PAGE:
10 Jun Mental Health and Self-Care for Activists
“Caring for myself is not self-indulgence, it’s self-preservation and that is an act of political warfare.” ~ Audre Lorde
As an activist, you play a crucial role in human rights and social justice. People who define themselves as activists are those who take action to change a problem that they see in the world. However, along with this important role can also come a host of mental health problems including vicarious trauma and burnout.
Although it may feel like you must be always in action in order to make sizeable contributions to your movement, it has actually been shown in research, that activists who are burned out or facing other mental health difficulties, can actually negatively impact their agenda. With this in mind, this article contains a list of mental health resources and tips to help you protect your mental health and continue to pursue social justice.
What is Burnout?
Burnout is a state of continual stress that often leads to physical and emotional exhaustion. According to researchers’ burnout can manifest itself in five different ways:
- Affective Manifestations: Depression, anxiety and changes in mood
- Cognitive Manifestations: Delays in attention, memory and/or concentration
- Physical Manifestations: Frequent headaches and illnesses, as well as high blood pressure
- Behavioural Manifestations: Increased risk for substance abuse, family strain and decreased productivity
- Motivational Manifestations: Decrease in drive, as well as increased feelings of alienation and dependency
What is Vicarious Trauma?
Also known as secondary trauma, Vicarious Trauma occurs when you are exposed to content that is distressing, graphic or violent nature indirectly or secondhand. According to Sam Dubberley of Amnesty International this occurs because, “if you are exposed to distressing experiences, even when you are not physically present, your brain has the capacity to experience symptoms of distress similar to those you would experience if you had been there.”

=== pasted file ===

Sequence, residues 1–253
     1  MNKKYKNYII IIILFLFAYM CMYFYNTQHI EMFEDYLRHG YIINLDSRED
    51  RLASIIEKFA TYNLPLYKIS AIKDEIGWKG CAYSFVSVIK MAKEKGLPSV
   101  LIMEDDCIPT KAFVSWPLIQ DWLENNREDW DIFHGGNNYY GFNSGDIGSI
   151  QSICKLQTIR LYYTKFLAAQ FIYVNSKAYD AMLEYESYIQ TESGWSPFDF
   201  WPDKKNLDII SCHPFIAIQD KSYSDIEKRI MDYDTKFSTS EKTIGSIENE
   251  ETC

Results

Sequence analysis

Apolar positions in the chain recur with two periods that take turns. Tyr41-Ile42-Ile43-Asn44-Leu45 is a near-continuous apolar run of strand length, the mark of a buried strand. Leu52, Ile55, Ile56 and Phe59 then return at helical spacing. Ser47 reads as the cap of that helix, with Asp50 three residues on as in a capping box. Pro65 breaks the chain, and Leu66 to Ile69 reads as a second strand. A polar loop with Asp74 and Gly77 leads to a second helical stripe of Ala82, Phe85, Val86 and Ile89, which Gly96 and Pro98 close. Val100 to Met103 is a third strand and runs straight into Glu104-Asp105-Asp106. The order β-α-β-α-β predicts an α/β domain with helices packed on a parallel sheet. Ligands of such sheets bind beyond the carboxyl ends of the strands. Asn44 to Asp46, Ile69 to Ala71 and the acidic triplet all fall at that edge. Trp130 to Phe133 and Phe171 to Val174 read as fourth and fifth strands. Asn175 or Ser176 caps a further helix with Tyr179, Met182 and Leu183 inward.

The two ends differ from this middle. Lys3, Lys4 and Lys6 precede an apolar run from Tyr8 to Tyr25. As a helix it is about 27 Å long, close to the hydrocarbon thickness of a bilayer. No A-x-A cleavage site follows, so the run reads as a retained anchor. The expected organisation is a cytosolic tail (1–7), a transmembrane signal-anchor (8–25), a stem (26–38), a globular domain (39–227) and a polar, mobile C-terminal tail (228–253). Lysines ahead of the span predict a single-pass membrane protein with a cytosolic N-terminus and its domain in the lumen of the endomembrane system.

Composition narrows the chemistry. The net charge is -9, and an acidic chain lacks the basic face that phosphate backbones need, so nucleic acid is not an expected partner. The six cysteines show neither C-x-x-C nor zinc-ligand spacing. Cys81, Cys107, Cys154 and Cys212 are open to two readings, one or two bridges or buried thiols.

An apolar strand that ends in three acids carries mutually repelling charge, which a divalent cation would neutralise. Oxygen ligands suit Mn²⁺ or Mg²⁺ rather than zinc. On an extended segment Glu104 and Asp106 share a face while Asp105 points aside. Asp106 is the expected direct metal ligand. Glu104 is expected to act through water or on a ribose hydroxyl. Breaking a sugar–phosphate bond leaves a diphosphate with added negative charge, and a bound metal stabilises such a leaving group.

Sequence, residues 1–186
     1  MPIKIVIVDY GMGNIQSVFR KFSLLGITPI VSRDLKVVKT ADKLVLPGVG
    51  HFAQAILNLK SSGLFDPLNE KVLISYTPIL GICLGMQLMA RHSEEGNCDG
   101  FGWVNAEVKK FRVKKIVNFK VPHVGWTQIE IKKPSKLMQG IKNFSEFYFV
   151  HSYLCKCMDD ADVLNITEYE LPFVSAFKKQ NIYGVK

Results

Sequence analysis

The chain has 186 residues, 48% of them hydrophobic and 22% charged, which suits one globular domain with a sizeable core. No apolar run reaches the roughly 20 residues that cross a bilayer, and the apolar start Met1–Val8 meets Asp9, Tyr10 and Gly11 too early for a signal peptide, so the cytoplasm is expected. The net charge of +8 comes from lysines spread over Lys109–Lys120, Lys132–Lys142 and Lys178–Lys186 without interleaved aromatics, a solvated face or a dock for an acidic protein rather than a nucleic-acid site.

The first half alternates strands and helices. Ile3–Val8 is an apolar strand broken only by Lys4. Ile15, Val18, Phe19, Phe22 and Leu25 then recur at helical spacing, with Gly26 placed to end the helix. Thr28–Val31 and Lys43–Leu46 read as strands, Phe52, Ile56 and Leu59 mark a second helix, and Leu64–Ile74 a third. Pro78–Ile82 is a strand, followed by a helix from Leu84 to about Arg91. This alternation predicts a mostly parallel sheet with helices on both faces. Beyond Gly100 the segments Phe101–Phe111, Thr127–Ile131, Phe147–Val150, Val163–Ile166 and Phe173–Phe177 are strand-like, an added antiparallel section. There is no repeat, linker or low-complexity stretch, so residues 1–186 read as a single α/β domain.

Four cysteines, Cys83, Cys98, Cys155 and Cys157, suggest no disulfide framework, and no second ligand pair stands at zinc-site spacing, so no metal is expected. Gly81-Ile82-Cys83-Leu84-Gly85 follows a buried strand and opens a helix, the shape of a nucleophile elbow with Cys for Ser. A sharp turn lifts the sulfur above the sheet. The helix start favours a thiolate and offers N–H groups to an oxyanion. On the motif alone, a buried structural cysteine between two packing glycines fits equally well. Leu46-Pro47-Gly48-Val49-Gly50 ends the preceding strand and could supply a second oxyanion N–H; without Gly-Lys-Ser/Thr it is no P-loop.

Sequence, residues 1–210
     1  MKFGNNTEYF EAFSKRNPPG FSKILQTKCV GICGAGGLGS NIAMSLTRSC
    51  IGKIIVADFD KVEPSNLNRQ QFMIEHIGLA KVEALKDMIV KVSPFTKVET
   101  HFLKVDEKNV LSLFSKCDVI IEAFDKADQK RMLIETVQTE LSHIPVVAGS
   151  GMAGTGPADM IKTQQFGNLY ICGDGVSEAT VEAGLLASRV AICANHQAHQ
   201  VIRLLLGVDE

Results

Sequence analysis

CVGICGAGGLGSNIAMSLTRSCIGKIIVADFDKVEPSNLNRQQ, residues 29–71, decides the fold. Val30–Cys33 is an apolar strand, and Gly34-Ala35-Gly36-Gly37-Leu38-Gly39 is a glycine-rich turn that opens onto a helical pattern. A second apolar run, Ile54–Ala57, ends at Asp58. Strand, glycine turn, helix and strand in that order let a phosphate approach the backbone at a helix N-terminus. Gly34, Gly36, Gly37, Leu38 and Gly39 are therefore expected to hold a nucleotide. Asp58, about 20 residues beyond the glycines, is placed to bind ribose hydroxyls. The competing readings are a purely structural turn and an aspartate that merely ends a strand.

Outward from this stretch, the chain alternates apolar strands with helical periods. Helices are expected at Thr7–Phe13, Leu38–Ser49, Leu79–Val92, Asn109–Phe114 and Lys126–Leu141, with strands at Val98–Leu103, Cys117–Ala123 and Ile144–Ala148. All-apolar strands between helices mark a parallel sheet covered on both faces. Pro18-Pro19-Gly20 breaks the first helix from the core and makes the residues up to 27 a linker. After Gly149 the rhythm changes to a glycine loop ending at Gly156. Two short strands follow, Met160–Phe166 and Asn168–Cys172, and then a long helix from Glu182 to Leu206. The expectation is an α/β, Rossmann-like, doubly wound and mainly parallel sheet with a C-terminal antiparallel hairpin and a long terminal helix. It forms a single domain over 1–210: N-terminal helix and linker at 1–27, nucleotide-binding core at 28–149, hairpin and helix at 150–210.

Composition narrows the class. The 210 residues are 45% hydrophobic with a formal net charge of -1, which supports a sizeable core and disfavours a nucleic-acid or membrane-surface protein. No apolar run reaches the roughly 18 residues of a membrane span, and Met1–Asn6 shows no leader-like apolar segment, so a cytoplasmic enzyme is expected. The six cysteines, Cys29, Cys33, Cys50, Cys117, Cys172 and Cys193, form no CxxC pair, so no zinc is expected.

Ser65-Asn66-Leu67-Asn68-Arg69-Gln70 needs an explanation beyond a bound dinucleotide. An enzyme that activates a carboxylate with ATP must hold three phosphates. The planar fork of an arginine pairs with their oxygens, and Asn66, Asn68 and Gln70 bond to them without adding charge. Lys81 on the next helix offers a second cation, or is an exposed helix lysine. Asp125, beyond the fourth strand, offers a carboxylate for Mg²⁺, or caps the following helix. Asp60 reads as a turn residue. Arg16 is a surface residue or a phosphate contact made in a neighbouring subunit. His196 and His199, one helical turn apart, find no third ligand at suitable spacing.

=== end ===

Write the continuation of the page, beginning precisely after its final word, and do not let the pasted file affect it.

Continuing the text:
Even though it’s different for each person, common symptoms of Vicarious Trauma can include feelings of anger, depression, guilt, hopelessness, fatigue and more.
Self-Care and Strategies
One of the reasons that many activists don’t attend to their mental health and practice self-care is because activism is often associated with selflessness and putting other’s needs before their own.
However, as mentioned previously, in order to be a successful activist, you need to care for yourself first. Here are some mental health and self-care strategies to get you started:
- Find a Support Team- Finding people who support you is very important for positive mental health. Although it is good to have people within your movement as a support system, as they have the same passion for change that you do, also look for support networks outside of your activist efforts as well.
- Meditate- Meditation is a healthy way to practice self-care. To learn more, read our article on meditation and mental health which includes a guided meditation to jumpstart your practice.
- Celebrate Wins- It’s important to celebrate the successes of your activism, no matter how small. Additionally, celebrating these wins with everyone who was involved can be beneficial to collective self-care as well. Keeping track of your successes can also be effective for when you need a boost.
- Keep a Journal- Along with a space to record the things that you are grateful for, having a journal can also allow you to process the trauma you may be experiencing in a healthy way. For other mindfulness strategies click here.
- Start Your Day off Right- Starting your day off with the simple practice of making your bed or enjoying a hot beverage can help you to set your intentions for the day.
- Exercise- Maintaining the practice of regular physical exercise can help to boost your mood and keep you mentally strong. Learn about the connection between physical and mental health here.
- Set Boundaries on Social Media and Technology- Set limitations on the amount of time that you engage on social media daily to give your mind a rest. Shutting off your phone notifications and putting your devices away can also help give you some distance from your activist efforts and the trolls that may come along with that. Learn more about the role of social media on your mental health in this article.
- Get out in Nature- Take time to surround yourself with nature and spend time in the sun. There are many groups with a focus on inclusivity, if you’re looking to connect with a like-minded community.
- Keep Up Your Religious or Spiritual Practice- If you identify with a particular religious or spiritual practice, set aside time in your day to engage in this.
- Know your Limits- Listen to your body and learn to acknowledge when you need a rest.
- Seek Professional Help- If you’re feeling particularly distressed about your feelings or situation, reach out for help. Along with our supportive telephone counselling service, BounceBack might also help you to learn strategies for managing your mental health effectively.